“Another important piece of context is the thinking behind the tax cuts. Kennedy’s economic policies were rooted in a Keynesian belief in the stimulative effects of budget deficits. While FDR and his aides had embraced countercyclical deficits as necessary in times of recession or depression, Kennedy was the first to advocate planned deficits in a time of neither war nor economic emergency. The aim was for the tax cuts to stimulate demand, driving the economy from the bottom up.”

In the wake of the Cuban Missile Crisis, Kennedy was concerned about his popularity so he endorsed a tax cut to “stimulate” the economy. He hoped it would help restore his political image. After JFK’s assassination in 1963, his successor Lyndon Johnson would take on the proposed tax cuts. LBJ, however, faced a one major roadblock — Congressional leadership. Martin Friedson explains how LBJ got around this obstacle:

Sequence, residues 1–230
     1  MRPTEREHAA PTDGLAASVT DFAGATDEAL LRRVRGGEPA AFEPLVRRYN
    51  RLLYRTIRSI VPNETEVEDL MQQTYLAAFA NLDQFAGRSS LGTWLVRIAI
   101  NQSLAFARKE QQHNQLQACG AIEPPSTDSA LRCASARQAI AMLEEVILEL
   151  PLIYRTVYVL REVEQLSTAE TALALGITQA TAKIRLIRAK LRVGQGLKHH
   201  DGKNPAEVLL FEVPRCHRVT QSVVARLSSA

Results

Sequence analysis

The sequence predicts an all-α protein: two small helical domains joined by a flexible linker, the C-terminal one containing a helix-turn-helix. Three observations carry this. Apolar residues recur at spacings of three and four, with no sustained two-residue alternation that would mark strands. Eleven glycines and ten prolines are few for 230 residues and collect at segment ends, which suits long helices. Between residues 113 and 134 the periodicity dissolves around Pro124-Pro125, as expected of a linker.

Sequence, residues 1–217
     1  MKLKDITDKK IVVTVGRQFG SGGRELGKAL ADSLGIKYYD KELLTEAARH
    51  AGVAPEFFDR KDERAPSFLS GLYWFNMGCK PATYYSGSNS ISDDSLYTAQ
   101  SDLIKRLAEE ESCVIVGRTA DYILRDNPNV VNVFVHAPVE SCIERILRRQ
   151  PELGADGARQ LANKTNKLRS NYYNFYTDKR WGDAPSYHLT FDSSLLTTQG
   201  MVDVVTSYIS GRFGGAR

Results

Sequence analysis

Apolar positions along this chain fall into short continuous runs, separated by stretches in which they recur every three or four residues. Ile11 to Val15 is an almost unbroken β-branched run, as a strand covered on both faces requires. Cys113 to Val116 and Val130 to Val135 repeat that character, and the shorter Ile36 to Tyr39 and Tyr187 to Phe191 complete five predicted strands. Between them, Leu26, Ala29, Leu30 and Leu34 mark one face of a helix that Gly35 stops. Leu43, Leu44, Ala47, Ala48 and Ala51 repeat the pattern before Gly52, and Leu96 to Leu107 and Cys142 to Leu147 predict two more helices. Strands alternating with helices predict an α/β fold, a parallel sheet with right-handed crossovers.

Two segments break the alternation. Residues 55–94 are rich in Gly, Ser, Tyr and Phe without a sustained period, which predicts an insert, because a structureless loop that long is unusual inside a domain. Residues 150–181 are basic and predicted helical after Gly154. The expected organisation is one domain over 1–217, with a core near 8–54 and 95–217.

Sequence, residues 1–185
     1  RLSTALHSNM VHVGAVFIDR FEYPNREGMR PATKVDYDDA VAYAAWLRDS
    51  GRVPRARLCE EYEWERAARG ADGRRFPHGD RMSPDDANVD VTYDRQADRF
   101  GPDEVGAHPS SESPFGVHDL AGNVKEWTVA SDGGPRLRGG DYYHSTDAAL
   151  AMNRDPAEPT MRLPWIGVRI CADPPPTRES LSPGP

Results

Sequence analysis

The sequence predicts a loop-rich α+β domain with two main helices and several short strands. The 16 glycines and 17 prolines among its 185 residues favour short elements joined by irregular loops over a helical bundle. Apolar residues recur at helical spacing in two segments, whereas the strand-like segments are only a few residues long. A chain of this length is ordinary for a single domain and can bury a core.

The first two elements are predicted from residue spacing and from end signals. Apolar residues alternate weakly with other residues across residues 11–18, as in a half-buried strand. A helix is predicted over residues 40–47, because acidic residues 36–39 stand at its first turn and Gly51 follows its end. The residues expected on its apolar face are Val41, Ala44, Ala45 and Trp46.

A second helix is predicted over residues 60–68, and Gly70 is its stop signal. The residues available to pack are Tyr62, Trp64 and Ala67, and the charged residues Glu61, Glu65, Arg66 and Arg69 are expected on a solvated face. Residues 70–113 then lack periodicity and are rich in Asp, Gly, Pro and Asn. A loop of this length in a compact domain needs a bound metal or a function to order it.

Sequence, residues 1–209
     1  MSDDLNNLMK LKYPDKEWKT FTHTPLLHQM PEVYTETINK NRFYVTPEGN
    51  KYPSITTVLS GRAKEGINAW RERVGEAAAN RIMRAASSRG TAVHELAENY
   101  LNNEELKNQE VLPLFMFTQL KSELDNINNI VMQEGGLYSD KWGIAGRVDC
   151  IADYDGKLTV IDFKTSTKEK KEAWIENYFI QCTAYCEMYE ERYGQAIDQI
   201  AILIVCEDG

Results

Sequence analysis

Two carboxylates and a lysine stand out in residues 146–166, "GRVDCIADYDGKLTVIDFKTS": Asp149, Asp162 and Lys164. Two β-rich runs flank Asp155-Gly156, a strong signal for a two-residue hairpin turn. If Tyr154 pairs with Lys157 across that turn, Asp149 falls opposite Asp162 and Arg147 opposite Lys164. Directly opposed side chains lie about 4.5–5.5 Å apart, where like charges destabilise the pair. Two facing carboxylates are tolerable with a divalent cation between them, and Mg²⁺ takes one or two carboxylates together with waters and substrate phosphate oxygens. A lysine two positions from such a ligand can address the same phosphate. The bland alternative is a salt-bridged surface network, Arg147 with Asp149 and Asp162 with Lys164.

“As Johnson biographer Robert Caro has recounted, LBJ grasped an essential point that Kennedy’s team did not: A major sacrifice of tax revenue could not make it through the Senate Finance Committee unless the administration bowed to Chairman Harry Byrd’s insistence on capping federal spending at $100 billion. LBJ unleashed all his powers of persuasion—and intimidation—on his cabinet members, who delivered sufficient expenditure cuts to lower the budget to $97.9 billion. Satisfied that he had compelled a president to reduce spending, Byrd cast a key vote in committee against amendments that would have undone LBJ’s hard work. That victory for Johnson cleared the way for the bill’s eventual passage in the full Senate.”